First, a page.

Anger and Work

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This is not new news. But it still applies.

According to Donald Gibson of Fairfield University and Sigal Barsade of Yale University, one out of four employees is substantially angry at work. Their study "The Experience of Anger at Work: Lessons from the Chronically Angry," indicates most workers are not so angry that they're ready to cause the boss physical harm, but they are angry enough to sabotage him.

Why are employees angry at work? The most common cause of anger at work -- cited by 11 percent of the survey respondents -- was the actions of supervisors or managers.

Here are some "root-causes":

- Employee was promised a raise, promotion or important project, and it did not happen.

- Employee was told to do something he felt was wrong or incorrect.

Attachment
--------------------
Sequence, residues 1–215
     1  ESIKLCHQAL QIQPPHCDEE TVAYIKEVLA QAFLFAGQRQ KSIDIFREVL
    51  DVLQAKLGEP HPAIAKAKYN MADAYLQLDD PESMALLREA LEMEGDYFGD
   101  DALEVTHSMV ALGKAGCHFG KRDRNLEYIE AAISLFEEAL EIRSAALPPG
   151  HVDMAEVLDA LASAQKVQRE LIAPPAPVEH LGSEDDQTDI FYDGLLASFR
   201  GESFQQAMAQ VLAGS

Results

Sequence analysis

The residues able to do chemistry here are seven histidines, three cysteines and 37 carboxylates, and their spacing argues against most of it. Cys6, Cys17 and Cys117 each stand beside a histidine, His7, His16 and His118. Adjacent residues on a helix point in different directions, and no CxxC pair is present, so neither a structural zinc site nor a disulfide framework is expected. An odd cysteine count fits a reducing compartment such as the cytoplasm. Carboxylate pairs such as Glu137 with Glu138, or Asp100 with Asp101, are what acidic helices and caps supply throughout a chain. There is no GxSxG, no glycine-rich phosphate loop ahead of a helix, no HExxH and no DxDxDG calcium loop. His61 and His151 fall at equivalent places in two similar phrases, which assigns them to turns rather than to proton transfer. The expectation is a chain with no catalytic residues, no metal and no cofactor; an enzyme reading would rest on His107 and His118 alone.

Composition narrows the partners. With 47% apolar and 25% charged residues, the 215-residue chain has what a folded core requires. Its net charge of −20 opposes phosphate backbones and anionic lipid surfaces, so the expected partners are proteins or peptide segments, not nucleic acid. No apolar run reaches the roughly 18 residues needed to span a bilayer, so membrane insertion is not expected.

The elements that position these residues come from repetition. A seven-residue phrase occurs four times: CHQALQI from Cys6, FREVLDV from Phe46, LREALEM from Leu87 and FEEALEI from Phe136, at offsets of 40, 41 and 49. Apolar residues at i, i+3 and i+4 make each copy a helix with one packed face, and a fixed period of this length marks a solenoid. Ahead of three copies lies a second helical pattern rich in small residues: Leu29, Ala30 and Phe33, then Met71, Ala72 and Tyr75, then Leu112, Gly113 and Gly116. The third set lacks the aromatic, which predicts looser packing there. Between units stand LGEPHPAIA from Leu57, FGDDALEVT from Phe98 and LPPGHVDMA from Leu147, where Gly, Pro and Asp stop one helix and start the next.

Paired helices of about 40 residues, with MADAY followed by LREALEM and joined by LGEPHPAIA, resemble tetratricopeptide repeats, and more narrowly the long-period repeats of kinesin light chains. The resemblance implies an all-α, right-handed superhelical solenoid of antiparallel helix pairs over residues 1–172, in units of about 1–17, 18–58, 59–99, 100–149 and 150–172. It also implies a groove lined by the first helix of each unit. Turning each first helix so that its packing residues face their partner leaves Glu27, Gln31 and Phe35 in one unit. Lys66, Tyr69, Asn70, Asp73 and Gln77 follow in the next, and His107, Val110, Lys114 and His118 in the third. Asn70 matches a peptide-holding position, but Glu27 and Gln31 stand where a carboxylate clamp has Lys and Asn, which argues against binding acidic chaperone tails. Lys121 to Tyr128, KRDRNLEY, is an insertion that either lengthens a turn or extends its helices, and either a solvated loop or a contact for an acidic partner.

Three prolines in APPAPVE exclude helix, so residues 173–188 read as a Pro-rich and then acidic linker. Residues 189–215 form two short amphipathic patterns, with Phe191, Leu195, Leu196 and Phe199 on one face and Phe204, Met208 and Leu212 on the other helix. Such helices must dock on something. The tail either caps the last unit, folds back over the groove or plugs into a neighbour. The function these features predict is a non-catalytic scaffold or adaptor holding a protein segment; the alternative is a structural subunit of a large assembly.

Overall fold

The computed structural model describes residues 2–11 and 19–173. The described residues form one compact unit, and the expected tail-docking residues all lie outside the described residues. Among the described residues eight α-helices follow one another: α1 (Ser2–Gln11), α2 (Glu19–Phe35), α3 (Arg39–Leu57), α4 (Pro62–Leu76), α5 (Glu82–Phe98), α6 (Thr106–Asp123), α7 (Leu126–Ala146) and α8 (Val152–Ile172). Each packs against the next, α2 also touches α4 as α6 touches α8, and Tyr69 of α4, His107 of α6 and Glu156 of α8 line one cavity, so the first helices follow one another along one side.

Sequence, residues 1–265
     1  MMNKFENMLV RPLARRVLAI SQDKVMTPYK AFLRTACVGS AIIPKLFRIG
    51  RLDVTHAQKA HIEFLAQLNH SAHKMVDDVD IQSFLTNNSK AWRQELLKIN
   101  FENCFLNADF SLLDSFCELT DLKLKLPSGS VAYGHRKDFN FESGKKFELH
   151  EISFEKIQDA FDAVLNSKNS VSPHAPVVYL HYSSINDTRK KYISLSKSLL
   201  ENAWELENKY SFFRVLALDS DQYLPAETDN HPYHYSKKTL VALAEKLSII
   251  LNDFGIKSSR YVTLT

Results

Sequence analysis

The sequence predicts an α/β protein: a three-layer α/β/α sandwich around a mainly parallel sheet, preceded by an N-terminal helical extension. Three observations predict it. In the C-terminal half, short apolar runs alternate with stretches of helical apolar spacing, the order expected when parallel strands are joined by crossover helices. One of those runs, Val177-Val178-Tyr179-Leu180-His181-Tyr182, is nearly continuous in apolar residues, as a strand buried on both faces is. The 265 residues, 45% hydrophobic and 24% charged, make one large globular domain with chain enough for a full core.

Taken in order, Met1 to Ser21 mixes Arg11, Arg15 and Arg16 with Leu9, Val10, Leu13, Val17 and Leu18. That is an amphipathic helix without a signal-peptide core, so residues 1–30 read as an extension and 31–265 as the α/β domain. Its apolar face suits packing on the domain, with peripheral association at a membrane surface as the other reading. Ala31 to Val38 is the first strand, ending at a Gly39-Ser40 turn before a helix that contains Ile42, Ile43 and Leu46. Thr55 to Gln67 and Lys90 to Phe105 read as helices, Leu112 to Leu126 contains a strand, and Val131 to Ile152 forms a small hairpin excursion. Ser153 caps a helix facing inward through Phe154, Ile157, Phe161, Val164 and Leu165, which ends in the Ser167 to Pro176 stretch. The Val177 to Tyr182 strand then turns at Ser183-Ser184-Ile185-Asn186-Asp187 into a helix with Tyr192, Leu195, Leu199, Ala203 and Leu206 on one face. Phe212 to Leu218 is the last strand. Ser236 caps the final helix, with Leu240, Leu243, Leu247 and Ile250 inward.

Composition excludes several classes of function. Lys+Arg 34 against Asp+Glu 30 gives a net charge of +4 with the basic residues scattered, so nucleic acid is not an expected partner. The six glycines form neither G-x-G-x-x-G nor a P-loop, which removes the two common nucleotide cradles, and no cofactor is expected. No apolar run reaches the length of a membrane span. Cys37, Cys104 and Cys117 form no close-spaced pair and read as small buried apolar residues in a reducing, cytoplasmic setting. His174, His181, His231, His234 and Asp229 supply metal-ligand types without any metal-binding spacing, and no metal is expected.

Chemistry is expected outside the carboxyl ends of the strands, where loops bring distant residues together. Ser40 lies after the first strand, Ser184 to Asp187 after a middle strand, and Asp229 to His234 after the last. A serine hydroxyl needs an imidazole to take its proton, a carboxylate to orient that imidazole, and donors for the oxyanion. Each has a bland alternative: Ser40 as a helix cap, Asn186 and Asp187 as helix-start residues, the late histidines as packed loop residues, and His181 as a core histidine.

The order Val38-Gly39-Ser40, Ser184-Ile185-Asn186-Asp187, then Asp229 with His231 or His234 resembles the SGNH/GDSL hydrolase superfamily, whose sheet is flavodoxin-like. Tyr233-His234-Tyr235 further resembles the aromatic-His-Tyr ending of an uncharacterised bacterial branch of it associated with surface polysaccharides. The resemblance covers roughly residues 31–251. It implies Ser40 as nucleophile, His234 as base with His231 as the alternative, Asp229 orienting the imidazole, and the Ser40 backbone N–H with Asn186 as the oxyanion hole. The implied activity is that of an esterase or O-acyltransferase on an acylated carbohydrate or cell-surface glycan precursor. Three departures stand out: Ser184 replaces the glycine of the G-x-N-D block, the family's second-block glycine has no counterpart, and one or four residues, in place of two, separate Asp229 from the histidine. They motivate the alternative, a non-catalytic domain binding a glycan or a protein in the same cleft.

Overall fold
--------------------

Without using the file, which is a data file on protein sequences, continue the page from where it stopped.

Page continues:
- Employee could not live up to a supervisor's expectations, because the expectations were too high or continuously changing.

- Supervisor was a micromanager and criticized employee frequently.

- Employee felt better qualified and skilled than his supervisor.

- Another employee doing the same job made more money.

Take a few minutes. Take a deep breath. What two or three steps can you take today to make things better around you?

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This page contains a single entry by Christian Sarkar published on December 17, 2005 3:48 PM.

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